I'm currently trying to wrap my head around the t-SNE math. Unfortunately, there is still one question I can't answer satisfactorily: What is the actual meaning of the axes in a t-SNE graph? If I were to give a presentation on this topic or include it in any publication: How would I label the axes appropriately?

P.S: I read this Reddit question but the answers given there (such as "it depends on interpretation and domain knowledge"), don't really help me to understand this.


1 Answer 1


Individual axes in t-SNE have no meaning at all.

Algorithms such as MDS, SNE, t-SNE, etc. only care about pairwise distances between points. They try to position the points on a plane such that the pairwise distances between them would minimize a certain criterion. This means that if you take a t-SNE plot and rotate it, then the resulting arrangement will be equally good as far as t-SNE is concerned. So the overall rotation that you get out of t-SNE algorithm is arbitrary.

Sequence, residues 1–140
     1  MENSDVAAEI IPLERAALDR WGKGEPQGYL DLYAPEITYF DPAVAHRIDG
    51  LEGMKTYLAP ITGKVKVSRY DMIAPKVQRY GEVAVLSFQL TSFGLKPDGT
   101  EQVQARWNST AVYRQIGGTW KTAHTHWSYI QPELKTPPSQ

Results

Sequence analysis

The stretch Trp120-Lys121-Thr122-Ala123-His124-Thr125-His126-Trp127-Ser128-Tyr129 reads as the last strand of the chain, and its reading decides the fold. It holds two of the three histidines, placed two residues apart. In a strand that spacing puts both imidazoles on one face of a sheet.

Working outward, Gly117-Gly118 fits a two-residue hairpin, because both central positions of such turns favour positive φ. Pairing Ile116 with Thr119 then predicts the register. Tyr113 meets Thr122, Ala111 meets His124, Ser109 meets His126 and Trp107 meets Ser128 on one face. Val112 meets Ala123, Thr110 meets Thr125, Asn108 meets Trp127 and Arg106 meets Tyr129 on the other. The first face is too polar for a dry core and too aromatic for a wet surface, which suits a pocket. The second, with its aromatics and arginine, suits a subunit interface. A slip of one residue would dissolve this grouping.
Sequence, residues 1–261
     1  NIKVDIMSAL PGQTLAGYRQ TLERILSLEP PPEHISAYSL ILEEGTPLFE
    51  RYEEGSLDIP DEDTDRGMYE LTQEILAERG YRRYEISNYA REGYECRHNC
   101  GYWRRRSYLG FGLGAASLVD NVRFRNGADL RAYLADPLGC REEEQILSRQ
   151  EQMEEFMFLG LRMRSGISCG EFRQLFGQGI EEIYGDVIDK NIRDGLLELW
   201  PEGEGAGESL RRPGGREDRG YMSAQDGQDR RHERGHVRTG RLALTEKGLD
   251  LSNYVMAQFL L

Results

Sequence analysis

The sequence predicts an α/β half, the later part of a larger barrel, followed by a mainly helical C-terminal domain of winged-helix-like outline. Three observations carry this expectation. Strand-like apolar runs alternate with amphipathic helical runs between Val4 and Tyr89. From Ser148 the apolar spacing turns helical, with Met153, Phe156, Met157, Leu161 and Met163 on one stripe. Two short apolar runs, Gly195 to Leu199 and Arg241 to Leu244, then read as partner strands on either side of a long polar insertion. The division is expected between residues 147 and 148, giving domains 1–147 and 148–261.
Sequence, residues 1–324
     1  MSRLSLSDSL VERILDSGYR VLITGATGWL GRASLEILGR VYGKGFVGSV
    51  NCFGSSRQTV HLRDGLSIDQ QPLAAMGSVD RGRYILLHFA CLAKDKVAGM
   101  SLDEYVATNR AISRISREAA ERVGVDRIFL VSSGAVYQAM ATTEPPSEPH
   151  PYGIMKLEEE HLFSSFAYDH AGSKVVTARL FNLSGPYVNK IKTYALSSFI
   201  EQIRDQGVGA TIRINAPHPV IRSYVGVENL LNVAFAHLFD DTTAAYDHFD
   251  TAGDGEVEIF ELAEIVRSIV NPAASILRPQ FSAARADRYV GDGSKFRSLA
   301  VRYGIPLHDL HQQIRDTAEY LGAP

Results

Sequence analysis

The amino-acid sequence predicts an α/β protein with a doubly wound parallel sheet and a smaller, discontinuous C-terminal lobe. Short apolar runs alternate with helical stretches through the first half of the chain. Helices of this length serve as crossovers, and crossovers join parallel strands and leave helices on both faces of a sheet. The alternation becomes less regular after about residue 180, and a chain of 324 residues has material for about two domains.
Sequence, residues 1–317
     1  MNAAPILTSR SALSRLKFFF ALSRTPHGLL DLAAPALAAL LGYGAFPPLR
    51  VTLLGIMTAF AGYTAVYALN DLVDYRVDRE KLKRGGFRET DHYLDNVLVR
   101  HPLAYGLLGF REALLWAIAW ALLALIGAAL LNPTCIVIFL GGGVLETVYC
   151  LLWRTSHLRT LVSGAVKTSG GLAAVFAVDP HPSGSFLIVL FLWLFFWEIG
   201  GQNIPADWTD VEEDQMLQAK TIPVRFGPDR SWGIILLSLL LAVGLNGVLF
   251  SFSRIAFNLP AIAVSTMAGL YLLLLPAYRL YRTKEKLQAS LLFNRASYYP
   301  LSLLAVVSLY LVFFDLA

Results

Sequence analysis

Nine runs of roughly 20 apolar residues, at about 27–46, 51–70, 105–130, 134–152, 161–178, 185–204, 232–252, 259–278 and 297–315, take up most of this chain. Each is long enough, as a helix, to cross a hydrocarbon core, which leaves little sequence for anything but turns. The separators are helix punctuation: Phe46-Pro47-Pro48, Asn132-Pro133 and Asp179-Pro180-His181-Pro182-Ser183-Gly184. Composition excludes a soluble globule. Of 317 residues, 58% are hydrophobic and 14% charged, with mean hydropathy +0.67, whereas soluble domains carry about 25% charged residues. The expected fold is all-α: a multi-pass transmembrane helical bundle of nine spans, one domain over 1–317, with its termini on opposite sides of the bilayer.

To label the axes, I recommend writing something like "t-SNE dimension 1" and "t-SNE dimension 2".

(Sometimes people write "t-SNE 1" and "t-SNE 2" or some such, which is sloppy. Sometimes I see "t-SNE component 1" and "t-SNE component 2"; but I think that the word "component" does not work very well in this context.)

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    $\begingroup$ A corollary to this answer is that the Reddit suggestion is a little wrong. There probably isn't a reasonable way to interpret the axes in general, even if you have domain knowledge to apply. $\endgroup$ Commented May 30, 2018 at 14:21
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    $\begingroup$ Another corollary to this answer is that the axes should be displayed on the same scale, so that if you multiplied by a rotator matrix and tilted your head correspondingly, the plot would look exactly the same. This is sadly far from standard practice (grumble!). $\endgroup$ Commented May 30, 2018 at 15:17

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